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Ever polished off a pint of low-calorie ice cream or chomped on sugar-free gum? Then there’s a good chance you’ve tasted a sugar alcohol.

These naturally derived, low-calorie sweeteners can be found in a ton of packaged food, and they can be a legit healthy alternative if you’re trying to watch your sugar intake. But they come with some downsides that you definitely want to consider.

Here’s what you should know about the ingredient, what makes it different from actual sugar, and how much is OK to eat.

Nice try, but no.

Sugar alcohols, also called polyols, are a type of carbohydrate used as low-calorie sweeteners and bulking agents. They don’t actually contain sugar or alcohol though.

Sugar alcohols occur naturally in fruits, vegetables, and even some grains, so they can be derived from plants. However, they’re often manufactured from simple carbs like glucose or starch.

Sugar alcohols contain one half to one third as many calories as actual sugar. Unlike actual sugar, they’re only partially absorbed by the body and don’t cause a rapid spike in blood sugar.

They’re often used in low-sugar or low-cal foods and candies, so they can be a good option for people with diabetes or those watching their calories or carbs.

As for the name? It just comes from the fact that their chemical structure looks a little bit like table sugar and a little bit like alcohol. You’re not actually consuming table sugar or booze when you have something made with a sugar alcohol.

Are these sweeteners literally a way to have your cake and eat it too? Sugar alcohols definitely have some perks that are worth knowing about:

  • They’re a lower-cal alternative to sugar. Per gram, sugar alcohols contain 1.5 to 3 calories compared to sugar’s 4 calories. That means baked good and other foods that swap in sugar alcohols for actual sugar might be lower in calories.
  • They can be helpful for low carb diets. Since sugar alcohols aren’t completely absorbed by the body and don’t spike blood sugar as much, they can be a good alternative for people watching their carbs, including those with diabetes.
  • They won’t wreck your teeth. Sugar alcohols don’t promote tooth decay like actual sugar does. That’s why they’re often used in chewing gums and some candies.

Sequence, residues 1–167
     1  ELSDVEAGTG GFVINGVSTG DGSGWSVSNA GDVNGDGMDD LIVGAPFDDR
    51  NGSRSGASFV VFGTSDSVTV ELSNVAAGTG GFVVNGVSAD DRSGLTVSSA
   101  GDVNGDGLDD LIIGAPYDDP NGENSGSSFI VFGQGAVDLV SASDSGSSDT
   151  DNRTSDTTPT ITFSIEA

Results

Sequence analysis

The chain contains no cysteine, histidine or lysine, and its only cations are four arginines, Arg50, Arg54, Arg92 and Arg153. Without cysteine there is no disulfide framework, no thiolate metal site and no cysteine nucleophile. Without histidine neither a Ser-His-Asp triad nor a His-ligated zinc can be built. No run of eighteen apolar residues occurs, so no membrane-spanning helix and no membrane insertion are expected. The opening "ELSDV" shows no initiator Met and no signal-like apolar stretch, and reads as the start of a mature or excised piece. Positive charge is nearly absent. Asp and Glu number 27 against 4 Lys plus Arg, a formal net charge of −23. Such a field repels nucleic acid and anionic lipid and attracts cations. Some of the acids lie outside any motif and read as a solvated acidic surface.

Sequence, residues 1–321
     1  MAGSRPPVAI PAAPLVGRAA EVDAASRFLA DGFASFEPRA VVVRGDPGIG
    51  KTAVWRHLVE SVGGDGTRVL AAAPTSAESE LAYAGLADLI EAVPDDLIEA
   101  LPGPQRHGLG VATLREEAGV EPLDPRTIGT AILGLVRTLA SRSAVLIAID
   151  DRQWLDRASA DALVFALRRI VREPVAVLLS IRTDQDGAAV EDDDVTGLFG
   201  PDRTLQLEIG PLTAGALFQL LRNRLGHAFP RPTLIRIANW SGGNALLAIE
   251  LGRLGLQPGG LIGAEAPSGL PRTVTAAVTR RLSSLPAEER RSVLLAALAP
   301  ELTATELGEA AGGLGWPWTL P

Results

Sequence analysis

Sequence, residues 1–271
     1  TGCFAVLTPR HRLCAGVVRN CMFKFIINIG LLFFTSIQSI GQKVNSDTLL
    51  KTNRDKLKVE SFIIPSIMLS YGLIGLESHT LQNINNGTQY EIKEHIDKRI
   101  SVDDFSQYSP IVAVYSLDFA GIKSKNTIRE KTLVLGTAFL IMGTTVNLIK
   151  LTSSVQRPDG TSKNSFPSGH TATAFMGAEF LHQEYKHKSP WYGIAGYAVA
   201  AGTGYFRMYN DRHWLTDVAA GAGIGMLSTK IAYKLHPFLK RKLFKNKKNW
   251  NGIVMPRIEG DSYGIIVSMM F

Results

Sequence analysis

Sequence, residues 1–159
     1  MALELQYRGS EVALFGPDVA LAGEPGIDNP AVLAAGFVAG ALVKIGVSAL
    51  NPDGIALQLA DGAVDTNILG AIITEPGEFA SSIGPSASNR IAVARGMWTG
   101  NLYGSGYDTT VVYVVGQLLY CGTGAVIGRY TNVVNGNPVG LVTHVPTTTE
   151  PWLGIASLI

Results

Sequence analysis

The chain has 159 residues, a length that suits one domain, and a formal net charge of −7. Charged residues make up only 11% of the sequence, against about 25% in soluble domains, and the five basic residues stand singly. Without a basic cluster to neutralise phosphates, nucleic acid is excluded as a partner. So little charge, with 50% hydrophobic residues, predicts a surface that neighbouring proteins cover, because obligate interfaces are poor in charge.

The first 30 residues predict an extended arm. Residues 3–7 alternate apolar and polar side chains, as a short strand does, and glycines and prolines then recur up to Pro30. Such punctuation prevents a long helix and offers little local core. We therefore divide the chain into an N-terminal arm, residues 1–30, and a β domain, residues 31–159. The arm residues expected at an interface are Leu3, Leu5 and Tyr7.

Are sugar alcohols bad for you? No — they can sometimes be a good alternative to sugar. But they’re not perfect and it’s still not a good idea to eat tons and tons of them. Here’s why:

  • They can cause stomach problems. Because sugar alcohols are incompletely absorbed by the intestine, they tend to cause gas, cramping, and diarrhea — especially if you eat a lot of them, or if you have irritable bowel syndrome.
  • Foods made with sugar alcohols aren’t necessarily “healthy” and don’t automatically have less calories. Baked goods and desserts made with sugar alcohols can still contain other ingredients like refined flour, cream, or butter. So a cake or pint of ice cream made with sugar alcohols is far from calorie-free.
  • Foods made with sugar alcohols still contain some carbs. Sugar alcohols are a type of carb. So if you eat a lot of them, they can still up your carb count and affect your blood sugar.

    People with diabetes still need to limit their sugar alcohol intake, and if you’re on a keto diet, you might want to steer clear of sugar alcohols altogether. (The one exception is the sugar alcohol erythritol, which contains close to zero net carbs and doesn’t raise blood sugar.)

There are a bunch of different types of sugar alcohols out there, and each one is a little different in terms of sweetness and the ability to cause side effects. Here’s a quick overview of the options:


  • Comes from: fruits and vegetables ( but usually made from corn syrup)
  • Used in: sugar-free candies, chewing gums, frozen desserts, baked goods
  • Calorie count: 2.6 calories per gram
  • Sweetness level: 50 to 70 percent as sweet as sugar
  • Possible side effects: diarrhea (especially if you have more than 50 grams)


  • Comes from: corn or wheat